Skip to navigationSkip to content
Close
Is Burnout Real?

Is Burnout Real?

Read more on The New York Times

Featured contributions

  • Really important question for a few reasons:

    1. We need to normalize mental health. Almost everyone needs it at some point, it's as common as cancer. We don't hold brain cancer against someone.

    2. Burnout is not stressed out. And we do need to educate ourselves on the difference so we're not medicating

    Really important question for a few reasons:

    1. We need to normalize mental health. Almost everyone needs it at some point, it's as common as cancer. We don't hold brain cancer against someone.

    2. Burnout is not stressed out. And we do need to educate ourselves on the difference so we're not medicating stress nor disregarding serious conditions.

    3. Burnout is serious. Leading to family and emotional problems at least. Depression or worse without being addressed.

More contributions

  • The WHO’s definition of “burnout” could use more specificity to prevent “the medicalizing of everyday stress.” However, the fact that the institution is moving to make burnout a syndrome, to me, speaks of a greater social disorder: people feel the need of a hard diagnosis to ward off retribution from

    The WHO’s definition of “burnout” could use more specificity to prevent “the medicalizing of everyday stress.” However, the fact that the institution is moving to make burnout a syndrome, to me, speaks of a greater social disorder: people feel the need of a hard diagnosis to ward off retribution from their respective higher-ups. Whether in school or the work force, their is a disturbing lack of compassion for the ups and downs of life. People now need to arm themselves with diagnoses, doctors’s assessments, etc to get a respite. In sum, a cultural correction is the cure, not more diagnoses.

  • For the Been There Done That file. Stress is the squeezing cold feeling around the heart or sinking pit in the stomach as one runs out of time for tasks to be done. Burnout is an emptiness of feeling and simply ceasing to care.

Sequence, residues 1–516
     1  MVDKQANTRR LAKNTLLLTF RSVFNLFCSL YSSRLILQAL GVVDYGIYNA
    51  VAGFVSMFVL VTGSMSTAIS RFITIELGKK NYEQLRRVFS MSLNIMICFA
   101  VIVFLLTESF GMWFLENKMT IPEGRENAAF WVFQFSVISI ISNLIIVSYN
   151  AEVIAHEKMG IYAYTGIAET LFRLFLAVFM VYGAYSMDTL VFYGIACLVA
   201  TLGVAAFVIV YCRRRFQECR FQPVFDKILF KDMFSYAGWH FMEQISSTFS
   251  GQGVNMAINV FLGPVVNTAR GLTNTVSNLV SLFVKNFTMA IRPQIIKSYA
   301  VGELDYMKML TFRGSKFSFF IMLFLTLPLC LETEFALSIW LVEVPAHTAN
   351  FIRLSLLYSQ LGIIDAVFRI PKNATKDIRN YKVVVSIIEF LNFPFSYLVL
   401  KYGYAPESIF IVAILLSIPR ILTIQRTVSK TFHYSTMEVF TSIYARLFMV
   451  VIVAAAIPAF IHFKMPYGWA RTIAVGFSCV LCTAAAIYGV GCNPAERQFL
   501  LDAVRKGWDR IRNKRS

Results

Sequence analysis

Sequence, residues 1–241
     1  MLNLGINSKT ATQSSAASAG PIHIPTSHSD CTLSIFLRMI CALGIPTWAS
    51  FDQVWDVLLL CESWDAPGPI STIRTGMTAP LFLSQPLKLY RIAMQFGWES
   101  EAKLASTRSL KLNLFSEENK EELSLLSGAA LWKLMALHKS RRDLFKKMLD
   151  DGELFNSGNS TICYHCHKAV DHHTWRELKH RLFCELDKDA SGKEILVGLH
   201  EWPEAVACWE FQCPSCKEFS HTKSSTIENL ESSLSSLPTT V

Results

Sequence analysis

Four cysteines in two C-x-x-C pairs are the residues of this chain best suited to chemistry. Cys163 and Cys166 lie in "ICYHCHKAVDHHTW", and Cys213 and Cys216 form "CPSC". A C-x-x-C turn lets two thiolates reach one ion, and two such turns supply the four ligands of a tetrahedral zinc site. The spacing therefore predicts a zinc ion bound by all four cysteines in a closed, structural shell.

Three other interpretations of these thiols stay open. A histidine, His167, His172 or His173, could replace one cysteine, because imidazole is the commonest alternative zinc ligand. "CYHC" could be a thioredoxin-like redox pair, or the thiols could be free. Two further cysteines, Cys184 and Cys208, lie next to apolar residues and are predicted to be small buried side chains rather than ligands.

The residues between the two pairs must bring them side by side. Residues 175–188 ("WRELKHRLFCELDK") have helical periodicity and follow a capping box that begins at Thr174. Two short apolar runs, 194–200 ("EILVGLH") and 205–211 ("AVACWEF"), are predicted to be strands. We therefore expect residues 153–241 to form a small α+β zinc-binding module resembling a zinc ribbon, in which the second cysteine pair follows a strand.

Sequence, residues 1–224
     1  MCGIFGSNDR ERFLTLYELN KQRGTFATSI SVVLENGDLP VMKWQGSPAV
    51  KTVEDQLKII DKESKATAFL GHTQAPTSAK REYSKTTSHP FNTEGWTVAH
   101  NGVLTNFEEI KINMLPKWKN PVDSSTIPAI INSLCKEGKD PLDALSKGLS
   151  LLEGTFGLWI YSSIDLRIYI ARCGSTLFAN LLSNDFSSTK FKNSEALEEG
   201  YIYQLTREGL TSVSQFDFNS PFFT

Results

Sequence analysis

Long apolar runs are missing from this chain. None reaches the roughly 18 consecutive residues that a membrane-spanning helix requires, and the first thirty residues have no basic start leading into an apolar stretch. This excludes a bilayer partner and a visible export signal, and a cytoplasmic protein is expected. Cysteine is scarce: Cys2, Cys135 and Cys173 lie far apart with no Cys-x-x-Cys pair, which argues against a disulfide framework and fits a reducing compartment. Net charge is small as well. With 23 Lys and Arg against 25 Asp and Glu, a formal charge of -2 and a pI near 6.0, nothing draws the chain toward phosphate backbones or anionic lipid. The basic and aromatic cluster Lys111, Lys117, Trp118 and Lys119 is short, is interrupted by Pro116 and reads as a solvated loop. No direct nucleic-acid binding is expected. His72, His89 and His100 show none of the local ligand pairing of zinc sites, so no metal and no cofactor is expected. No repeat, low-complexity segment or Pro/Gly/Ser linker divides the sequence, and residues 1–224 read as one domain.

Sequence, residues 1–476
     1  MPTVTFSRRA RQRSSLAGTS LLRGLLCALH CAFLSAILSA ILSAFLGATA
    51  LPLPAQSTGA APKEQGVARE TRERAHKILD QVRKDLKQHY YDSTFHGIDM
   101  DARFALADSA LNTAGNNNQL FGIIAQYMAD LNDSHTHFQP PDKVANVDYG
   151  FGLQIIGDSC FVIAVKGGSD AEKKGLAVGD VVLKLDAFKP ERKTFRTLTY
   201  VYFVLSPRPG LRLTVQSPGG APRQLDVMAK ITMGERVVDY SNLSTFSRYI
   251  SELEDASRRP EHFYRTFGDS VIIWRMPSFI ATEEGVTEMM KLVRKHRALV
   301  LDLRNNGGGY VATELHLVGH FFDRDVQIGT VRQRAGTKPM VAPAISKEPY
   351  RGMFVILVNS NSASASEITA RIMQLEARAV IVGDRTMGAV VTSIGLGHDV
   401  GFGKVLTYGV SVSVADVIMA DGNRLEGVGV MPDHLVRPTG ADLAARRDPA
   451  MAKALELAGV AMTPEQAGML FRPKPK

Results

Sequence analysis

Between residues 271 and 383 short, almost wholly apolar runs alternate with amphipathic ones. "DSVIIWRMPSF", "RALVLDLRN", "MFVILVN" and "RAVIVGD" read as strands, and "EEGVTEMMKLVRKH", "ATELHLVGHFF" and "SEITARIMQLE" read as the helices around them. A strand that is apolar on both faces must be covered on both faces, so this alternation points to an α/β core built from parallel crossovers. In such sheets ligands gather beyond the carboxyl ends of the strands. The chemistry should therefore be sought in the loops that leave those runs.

• Citations needed...

    "What’s also real is a shift in cultural attitudes about the workplace and school. However well intended, we have created an unrealistic and misleading expectation that students and workers are supposed to be happy and stress-free at all times, and if they aren’t, it is a problem that needs to be fixed."

  • The work-life balance equation has a different meaning for everyone, we need to come to a realization that burnout is not stressed out.

  • “If almost everyone suffers from burnout, then no one does, and the concept loses all credibility.”

  • Burn out can come in many forms, it can be a ridiculous spike (physical) that lands one in the hospital (experienced first hand while on Wall Street doing 600k miles per annum) or it can be long term and stress induced to where it takes a physical a new worse an emotional toll. Both need recovery and

    Burn out can come in many forms, it can be a ridiculous spike (physical) that lands one in the hospital (experienced first hand while on Wall Street doing 600k miles per annum) or it can be long term and stress induced to where it takes a physical a new worse an emotional toll. Both need recovery and take time. Professional help, and a supportive family are most important.

  • Ask the greatest generation if burn out was real.

    These mental health days and “I’m stressed and I’m suing bullsh*t” needs to stop

  • By the WHO definition you would need employment to burn out, but you wouldn’t have had to worked hard or tried hard. Which pretty much makes it a cop out. When we diagnose everyone then we trivialize those who are seriously afflicted. Doesn’t matter if it’s ADD, burnout, chronic fatigue, whatever. If

    By the WHO definition you would need employment to burn out, but you wouldn’t have had to worked hard or tried hard. Which pretty much makes it a cop out. When we diagnose everyone then we trivialize those who are seriously afflicted. Doesn’t matter if it’s ADD, burnout, chronic fatigue, whatever. If it’s the norm then it’s the norm. But for those who struggle with real conditions the struggle is real. And often overwhelming.